The power of reading students' reflections
Reflection by Jennifer Ward, NBCT
English Teacher, Graduation Project Coordinator
I just wanted to share with you what's going on in my class right now ... It's by far the best "exam" I think I've ever administered. My students have been working so diligently on everything in their daybooks all quarter that I found it only fitting to have a "Daybook Check" as my exam. I approached my principal with this idea, and he said to go for it, so today is the day.
My kids, armed with Post-it notes, daybooks, highlighters, scissors, glue, and my very few guidelines, are having their "daybook conversations" with me. They are marking things they understand so well that they could teach someone else, things that they need more help with, etc., and then reflecting in no less than a page. My students have written page upon page for their reflections, and they have used Post-its throughout the daybook as mini-reflections/notes to me.
I've previewed some from my first and second blocks, and they are truly amazing. Let's just say I'll be doing a lot of reading and writing myself over the Thursday and Friday teacher workdays! I had only allotted 45 minutes for these "exams," but my students have taken the entire class period. I love it! Today is definitely a day in my teaching career that I will never forget!
Reading the daybooks was an inspiring and amazing experience! On one of the two teacher workdays in October, I came in to my classroom armed with Starbucks, Post-it notes, a good pen, and my reading glasses. I spent the entire Work Day – from 7:15 a.m. to 3:30 p.m. – reading all 38 of my students' reflections, looking at what they had marked with Post-its and commented on throughout their daybooks, and writing back to them. For some, it was a simple "thank you for your hard work" letter, but for others it turned into a motivational letter that made them smile as I watched them read it upon their return from break.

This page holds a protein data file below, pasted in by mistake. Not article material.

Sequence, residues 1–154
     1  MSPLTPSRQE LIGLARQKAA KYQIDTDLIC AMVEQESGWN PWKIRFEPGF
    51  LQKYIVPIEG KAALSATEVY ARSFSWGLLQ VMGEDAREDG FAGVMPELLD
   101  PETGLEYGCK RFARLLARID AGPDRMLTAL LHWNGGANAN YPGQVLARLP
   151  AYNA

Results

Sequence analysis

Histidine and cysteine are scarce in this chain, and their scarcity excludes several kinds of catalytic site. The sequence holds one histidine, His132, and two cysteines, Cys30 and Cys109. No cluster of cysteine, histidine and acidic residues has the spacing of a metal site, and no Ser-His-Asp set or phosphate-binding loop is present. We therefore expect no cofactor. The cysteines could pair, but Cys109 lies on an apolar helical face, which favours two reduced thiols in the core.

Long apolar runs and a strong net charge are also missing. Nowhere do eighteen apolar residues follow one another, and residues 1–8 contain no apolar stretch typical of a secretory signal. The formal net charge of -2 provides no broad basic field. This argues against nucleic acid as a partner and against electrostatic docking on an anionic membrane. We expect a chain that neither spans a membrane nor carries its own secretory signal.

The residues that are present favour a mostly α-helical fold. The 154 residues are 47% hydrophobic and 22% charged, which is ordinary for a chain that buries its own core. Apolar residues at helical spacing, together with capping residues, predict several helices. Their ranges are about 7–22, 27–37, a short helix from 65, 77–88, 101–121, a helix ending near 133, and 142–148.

The beauty of this daybook "exam" was that each daybook was unique – from the format, to what was marked, to their reflections – just like each of my students. Reading them provided me with deeper insight into the lives, the thoughts, and the learning of each individual student in my classroom. It also provided a time of reflection for me; I was seeing my students and their needs through a different lens, and it has proven to be most effective in my planning for the second quarter.
All-in-all, I'd say my Daybook "Exam" was a huge success!
NEXT: Self-assessment: A key to growth